Holocaust Survivors In Elie Wiesel's Night

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History is told by the survivors. Throughout the past few decades, Holocaust survivors have emerged to tell their stories. In Night, Elie Wiesel shares the honest details of his life in the concentration camps. In his memoir, Wiesel does not hesitate to narrate every raw emotion he experienced. He recounts every question that is important to young Eliezer, specifically his doubts of a benevolent God. Eliezer’s relationship with God is complicated, and as the novel progresses, Eliezer’s impression of God changes immensely. In the beginning of the novel, it is clear that Eliezer is a devout Jew. His devotion to God is supported by his eagerness to study the Kabbalah. Despite his father’s disapproval, Eliezer “succeeded on [his] own in finding…show more content…
He cannot comprehend the horrors that surround him, and his faith in God starts to falter. When everyone around him starts to pray, Eliezer faces an intense anger inside of him. He questions, “Why should I sanctify His name? The Almighty, the eternal and terrible Master of the Universe, chose to be silent. What was there to thank him for?” (33). He starts to wonder what kind of God would allow such devastation to occur, and he vows, “Never shall I forget those moments that murdered my God” (34). The concentration camps tarnish Eliezer’s belief in a compassionate God. As he spends more time in the camps, Eliezer admits that he has “ceased to pray” (45). Praying used to be a central part of his life, but the camps have made him dubious of God’s power. Time goes on and the Jewish year nears its end, yet the situation does not improve. At a solemn service, Eliezer continues to question why he should bless God. He admits that “every fiber in [him] rebelled,” (67). He allows his bitterness to take control and blames God for all the destruction caused by the Nazis. The Day of Atonement arrives, and Eliezer’s father does not allow him to fast. However, Eliezer decides to turn this into a “symbol of rebellion, of protest against Him” (69). He no longer accepts God’s silence, and he decides to no longer accept…show more content…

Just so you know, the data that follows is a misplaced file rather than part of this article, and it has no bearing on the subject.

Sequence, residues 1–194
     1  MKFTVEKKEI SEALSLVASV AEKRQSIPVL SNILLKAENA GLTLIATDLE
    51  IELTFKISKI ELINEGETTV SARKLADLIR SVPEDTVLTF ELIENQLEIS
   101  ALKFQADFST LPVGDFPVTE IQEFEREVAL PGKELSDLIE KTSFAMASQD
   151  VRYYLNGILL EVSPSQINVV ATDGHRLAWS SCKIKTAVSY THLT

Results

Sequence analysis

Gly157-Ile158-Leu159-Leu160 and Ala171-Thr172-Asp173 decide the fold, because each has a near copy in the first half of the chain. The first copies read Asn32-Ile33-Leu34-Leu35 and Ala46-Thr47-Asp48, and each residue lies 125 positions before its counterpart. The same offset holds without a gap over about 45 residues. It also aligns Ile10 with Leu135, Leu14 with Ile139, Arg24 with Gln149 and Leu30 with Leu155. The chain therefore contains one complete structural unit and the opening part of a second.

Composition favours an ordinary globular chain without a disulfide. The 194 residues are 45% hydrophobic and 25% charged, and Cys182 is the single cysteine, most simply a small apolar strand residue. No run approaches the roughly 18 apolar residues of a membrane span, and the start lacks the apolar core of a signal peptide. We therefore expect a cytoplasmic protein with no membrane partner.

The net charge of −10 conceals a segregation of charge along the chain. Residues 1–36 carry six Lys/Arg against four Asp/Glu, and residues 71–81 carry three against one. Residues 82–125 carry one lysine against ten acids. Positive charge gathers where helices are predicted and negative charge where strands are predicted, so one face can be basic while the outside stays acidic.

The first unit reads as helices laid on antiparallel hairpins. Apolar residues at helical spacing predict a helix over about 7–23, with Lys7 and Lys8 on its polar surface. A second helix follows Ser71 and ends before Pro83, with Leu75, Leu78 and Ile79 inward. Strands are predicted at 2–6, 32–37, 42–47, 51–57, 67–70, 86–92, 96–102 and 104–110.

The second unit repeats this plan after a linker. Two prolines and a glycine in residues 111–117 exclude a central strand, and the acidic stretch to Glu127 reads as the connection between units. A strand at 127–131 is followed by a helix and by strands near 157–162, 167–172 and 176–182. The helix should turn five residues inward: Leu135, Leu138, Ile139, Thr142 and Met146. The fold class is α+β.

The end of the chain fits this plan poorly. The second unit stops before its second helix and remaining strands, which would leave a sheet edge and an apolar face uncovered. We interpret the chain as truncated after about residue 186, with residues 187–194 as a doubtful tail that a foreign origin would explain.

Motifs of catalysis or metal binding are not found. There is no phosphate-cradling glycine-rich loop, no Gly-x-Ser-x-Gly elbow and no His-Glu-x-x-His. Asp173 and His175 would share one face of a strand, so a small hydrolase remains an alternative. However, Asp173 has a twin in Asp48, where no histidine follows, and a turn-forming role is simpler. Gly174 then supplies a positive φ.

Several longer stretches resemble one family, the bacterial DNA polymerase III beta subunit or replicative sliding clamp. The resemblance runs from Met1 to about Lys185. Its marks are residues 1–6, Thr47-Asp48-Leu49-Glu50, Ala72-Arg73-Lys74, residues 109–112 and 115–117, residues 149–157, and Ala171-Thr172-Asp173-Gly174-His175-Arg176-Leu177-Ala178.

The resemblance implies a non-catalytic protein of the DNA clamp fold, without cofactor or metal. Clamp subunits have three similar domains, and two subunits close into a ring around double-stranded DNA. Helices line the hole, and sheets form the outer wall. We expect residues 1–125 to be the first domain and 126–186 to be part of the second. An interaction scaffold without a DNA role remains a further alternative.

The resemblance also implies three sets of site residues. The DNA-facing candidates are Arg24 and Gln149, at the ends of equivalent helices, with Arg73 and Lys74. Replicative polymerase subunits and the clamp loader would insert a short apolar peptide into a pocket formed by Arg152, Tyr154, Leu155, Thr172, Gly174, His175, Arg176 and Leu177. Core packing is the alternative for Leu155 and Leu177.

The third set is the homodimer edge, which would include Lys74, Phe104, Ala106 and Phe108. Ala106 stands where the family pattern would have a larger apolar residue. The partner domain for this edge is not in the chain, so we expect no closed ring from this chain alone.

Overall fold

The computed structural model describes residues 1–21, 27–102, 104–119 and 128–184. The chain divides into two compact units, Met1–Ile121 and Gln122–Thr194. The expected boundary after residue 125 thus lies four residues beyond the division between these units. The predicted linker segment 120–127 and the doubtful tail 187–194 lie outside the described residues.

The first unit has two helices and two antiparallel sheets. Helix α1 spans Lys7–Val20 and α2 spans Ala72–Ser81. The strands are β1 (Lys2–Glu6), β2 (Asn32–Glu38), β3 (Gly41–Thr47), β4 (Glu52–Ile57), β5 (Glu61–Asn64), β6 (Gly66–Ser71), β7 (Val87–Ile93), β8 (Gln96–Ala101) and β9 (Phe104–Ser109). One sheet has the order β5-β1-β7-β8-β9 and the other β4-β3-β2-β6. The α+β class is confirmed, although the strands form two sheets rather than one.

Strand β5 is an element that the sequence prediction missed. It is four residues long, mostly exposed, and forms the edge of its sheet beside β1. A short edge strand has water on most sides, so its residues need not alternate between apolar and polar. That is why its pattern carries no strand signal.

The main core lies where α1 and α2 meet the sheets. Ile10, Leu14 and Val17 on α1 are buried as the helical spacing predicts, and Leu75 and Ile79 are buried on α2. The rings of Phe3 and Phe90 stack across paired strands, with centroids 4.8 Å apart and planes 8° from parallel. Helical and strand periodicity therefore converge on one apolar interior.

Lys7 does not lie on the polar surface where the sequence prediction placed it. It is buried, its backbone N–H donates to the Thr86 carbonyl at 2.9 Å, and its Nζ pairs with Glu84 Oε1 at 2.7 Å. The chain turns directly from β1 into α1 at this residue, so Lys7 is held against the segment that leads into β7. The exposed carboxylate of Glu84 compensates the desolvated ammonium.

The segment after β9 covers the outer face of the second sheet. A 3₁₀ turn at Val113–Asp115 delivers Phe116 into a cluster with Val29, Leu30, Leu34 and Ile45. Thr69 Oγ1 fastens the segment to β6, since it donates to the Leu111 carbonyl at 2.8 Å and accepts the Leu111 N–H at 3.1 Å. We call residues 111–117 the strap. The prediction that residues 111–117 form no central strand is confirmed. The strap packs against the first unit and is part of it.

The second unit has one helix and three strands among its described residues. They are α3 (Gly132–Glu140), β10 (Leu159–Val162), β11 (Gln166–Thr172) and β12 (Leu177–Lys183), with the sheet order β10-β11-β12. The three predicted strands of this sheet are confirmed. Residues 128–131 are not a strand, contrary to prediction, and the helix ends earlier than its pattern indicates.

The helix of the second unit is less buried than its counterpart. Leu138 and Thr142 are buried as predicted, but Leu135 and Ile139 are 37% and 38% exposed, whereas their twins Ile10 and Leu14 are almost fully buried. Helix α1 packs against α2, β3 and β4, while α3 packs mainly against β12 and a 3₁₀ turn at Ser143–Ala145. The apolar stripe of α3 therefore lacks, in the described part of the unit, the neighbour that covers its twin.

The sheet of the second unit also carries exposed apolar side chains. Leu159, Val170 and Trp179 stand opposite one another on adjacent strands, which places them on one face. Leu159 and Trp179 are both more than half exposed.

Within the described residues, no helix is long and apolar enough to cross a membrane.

He says, “I was not denying His existence, but I doubted His absolute justice” (45). Eliezer recognizes that this is not the God he is used to worshipping. He begins to distrust God’s judgement and questions God. Yet, this is what strengthens his faith and brings him closer to a God. When Eliezer first voices his skepticism at Birkenau, he still finds himself praying to God by whispering, “Yisgadal, veyiskadash, shmey raba … May His name be exalted and sanctified” (34). Although he already reveals his uncertainty in religion, when his new boots are covered in mud, Eliezer continues to thank God “in an improvised prayer, for having created mud in His infinite and wondrous universe” (38). Later in the novel, readers notice that Eliezer does not completely abandon praying. He admits, “in spite of myself, a prayer formed inside me, a prayer to this God in whom I no longer believed. ‘Oh God, Master of the Universe, give me the strength never to do what Rabbi Eliahu’s son has done’ ” (91). Eliezer still believes in God, but his whole perception of reality has changed. He recognizes that this is not the same God he used to worship. However, even in his darkest moments, his faith in God could not escape him. Through his haunting tale, Elie Wiesel unveils his tumultuous relationship with God. Wiesel unfolds every intimate detail of his spiritual journey while experiencing one of the

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